Wednesday, August 18, 2010

Carbines and bug-out gear

Some important points to ponder here.


Saturday, May 22, 2010

You know, i heard it happened to a friend of a guy who used to work with a guy ....

I discovered that there is still a largely overblown fear of damaging firearms by dry firing a handgun. ‘Damaging guns by dry-fire’ seems to be the gun hobby’s version of ‘I woke up in a bathtub filled with ice-water and one of my kidneys was stolen.” While it may be possible, it is highly improbable.

More at GHG and View from the Porch.

Wednesday, March 24, 2010

Unsolicited marketing advice

Carbine/hangun combinations have been around since the advent of useful centerfire cartridges (i.e 1873). In the later Old West the 44-40 and 38-40 et. al. appeared in both the Colt SAA and the Winchester 1873.

You can still own a revolver and carbine combination and enjoy all the associated advantages.

It's harder with semi-autos and only Beretta has a current model line that includes pistol carbines that use the same magazines as the pistol.

I think Springfield could fix that with an XD carbine.

It would give them unparalleled breadth in their product line: everything from subcompacts for CCW through full-sized service pistols and a long gun that uses the same magazines.

Wednesday, October 21, 2009

Poll on the .22 LR

When is it the best choice for personal defense?

Take the poll at GunPundit:

Personal Protection Survey

UPDATE: If you read the comments over at Gunpundit, don't miss this:

Something in the water today.

Monday, July 06, 2009

Self-defence on the road

More specifically on the road in motels/hotels. A really valuable piece here:


Wednesday, June 24, 2009

The .38 Special gets some respect

Couple of good posts:

Thoughts on the 5-shooter

Five for sure

I'm a long-time fan of the Special and especially the J-frame:

In Defense of the 38 Special

Holsters redux

The "Ayoob Files" in the July/August American Handgunner throws some valuable light on the holster controversy.

It's the story of a 71 year old retired Marine who took on two armed robbers in a Subway.

After the criminals got the money( including the Marine's wallet), they forced the store manager and our hero into the backroom. The Marine instantly recognized the danger and looked for his opportunity to defend himself.

He was able to draw his .45 Para, kill one robber, and sent the other cretin fleeing with a slug in his chest.

The good guys won that round even under adverse starting conditions.

What caught my eye was the "tactical rig" the Marine was using to pull off this victory.

"A cheap nameless cloth holster [worn] near the middle of his back."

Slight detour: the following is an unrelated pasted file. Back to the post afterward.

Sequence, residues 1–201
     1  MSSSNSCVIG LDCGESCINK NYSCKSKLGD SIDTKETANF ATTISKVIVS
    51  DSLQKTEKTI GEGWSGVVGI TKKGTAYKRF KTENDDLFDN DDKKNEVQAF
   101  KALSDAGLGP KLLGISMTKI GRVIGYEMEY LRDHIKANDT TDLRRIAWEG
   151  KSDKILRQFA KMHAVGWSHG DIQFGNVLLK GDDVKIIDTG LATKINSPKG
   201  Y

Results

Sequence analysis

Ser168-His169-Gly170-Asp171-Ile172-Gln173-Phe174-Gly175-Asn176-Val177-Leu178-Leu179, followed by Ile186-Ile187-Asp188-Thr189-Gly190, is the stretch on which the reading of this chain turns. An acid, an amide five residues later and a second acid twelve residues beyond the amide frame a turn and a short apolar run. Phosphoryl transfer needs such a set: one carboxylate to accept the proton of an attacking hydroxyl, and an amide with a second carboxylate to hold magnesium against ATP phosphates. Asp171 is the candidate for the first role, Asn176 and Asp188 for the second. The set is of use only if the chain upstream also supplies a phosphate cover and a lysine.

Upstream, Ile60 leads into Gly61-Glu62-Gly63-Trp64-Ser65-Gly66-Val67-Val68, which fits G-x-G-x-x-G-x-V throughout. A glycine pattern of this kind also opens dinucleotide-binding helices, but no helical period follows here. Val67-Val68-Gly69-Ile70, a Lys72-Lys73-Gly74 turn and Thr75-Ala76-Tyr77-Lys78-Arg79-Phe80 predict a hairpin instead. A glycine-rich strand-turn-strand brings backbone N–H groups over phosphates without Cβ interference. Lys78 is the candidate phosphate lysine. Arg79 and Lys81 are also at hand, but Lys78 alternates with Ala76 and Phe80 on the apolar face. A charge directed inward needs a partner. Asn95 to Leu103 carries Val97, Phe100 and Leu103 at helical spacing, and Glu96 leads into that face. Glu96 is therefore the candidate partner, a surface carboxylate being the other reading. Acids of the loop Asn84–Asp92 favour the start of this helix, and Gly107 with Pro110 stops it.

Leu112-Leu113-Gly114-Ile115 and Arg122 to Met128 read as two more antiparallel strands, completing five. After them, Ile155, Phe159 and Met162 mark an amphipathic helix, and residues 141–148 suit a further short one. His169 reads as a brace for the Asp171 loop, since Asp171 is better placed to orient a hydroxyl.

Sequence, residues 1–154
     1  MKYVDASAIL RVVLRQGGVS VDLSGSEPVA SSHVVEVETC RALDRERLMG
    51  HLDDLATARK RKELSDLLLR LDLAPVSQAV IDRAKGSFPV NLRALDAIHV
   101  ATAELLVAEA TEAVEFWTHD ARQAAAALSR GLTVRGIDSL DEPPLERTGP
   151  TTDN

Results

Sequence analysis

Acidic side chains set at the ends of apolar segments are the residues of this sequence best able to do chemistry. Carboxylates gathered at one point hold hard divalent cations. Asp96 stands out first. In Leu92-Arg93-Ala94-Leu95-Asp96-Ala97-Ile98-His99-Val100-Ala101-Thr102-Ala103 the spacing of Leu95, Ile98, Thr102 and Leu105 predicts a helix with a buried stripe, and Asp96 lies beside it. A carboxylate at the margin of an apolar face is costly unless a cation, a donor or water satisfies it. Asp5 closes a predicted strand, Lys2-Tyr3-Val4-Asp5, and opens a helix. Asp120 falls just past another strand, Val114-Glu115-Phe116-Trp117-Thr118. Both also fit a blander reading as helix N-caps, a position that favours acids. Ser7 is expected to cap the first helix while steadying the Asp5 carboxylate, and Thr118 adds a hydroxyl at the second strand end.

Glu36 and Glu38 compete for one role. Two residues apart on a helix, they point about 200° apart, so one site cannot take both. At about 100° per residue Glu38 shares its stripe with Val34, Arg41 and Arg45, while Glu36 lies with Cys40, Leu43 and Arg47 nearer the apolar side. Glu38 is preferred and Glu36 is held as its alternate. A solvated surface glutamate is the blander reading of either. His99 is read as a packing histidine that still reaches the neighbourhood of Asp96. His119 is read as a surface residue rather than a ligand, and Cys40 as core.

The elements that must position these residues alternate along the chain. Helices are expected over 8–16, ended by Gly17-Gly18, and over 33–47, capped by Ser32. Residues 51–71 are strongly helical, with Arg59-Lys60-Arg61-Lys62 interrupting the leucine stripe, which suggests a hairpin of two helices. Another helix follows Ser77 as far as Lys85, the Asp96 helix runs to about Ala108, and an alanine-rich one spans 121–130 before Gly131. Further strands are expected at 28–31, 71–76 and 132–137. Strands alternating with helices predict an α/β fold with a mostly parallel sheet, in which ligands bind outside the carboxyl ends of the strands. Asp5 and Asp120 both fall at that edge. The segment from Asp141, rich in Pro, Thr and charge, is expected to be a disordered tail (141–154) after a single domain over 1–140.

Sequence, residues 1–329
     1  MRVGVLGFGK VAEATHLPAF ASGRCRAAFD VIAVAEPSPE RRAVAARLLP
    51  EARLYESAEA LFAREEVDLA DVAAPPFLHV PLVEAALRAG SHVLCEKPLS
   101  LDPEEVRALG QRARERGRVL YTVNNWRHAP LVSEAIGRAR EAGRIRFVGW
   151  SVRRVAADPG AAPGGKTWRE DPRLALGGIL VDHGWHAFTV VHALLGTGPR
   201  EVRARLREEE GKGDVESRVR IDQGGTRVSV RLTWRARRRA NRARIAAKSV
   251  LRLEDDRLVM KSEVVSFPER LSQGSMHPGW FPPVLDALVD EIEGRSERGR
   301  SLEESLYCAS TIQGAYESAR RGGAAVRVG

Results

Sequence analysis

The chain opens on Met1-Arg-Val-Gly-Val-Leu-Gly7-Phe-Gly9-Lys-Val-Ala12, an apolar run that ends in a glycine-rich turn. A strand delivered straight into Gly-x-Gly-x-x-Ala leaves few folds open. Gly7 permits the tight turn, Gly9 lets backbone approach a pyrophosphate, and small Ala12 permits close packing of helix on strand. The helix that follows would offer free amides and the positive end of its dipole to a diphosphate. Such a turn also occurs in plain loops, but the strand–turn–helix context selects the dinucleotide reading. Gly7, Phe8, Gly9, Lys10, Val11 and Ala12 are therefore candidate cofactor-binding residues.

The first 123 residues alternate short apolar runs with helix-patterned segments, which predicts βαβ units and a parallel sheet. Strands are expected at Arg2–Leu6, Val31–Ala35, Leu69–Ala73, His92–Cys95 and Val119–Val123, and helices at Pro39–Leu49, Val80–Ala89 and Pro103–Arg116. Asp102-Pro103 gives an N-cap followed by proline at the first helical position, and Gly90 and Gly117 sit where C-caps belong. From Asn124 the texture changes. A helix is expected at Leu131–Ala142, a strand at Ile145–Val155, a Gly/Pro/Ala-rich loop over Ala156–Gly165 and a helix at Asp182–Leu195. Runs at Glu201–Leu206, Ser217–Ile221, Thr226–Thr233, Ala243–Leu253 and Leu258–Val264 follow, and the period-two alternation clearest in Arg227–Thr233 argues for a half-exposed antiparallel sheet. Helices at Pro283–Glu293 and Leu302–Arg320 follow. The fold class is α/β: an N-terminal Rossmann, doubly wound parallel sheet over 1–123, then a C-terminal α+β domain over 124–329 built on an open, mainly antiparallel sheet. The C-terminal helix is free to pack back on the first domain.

Thursday, June 18, 2009

Pointless blog drama

Wow. James Rummel may be many things. "Irresponsible" would be way, way, way down on the list.

New argument, old problem. What advice should experienced shooters give to newbies? This time the subject is holsters. Some people are all hot and bothered because James suggested that the cash-crunched can make do with inexpensive nylon holsters. Predictable outrage followed from the usual quarters. Most of it misses the main point, the context, that James offers his advice:

The majority of people I help are dirt poor, and I'm also trying to keep them from spending much needed cash on uneedful things.

I've bought a boatload of holsters over the years. Most of them have been low-end Uncle Mike's. I rarely use them anymore, but i don't consider the money wasted. I got to try out a bunch of styles for a bunch of different guns. Eventually i figured out what worked for me. Then i could spend good money on quality merchandise confident that i was making an informed decision.

Plus, i've known people who carried in an Uncle Mike's for years. It works for them. How do i know? Because they CARRY in an Uncle Mike's. Since the first rule of gunfighting is Have a Gun, the Uncle Mike's seems to pass the critical test.

Related thoughts here:
Don't be French

First Handgun

More good sense on self defense

Monday, June 15, 2009

Great read

You Can't Have Too Many TOOLS - A Beginner's Foray Into Reloading

I first started reloading to save money. Then, i liked the idea of loading premium bullets. For a long time, neither one was a particularly good reason. Now, with ammo prices skyrocketing and inventories low, they make sense again.

The main reason i keep at it, though, is that i have an affinity for orphan or near-orphan calibers. If you shoot the .260 Remington or .41 Mag, reloading is the only way to get the maximum utility from your guns.

Sunday, April 19, 2009

A good man gone

Jack Weaver, RIP

As Ayoob says, he "made a difference".

I'm pleased to say that i have the poster with his autograph. It hangs in my man cave.

Monday, December 15, 2008

Smart talk on stopping power

The LawDog Files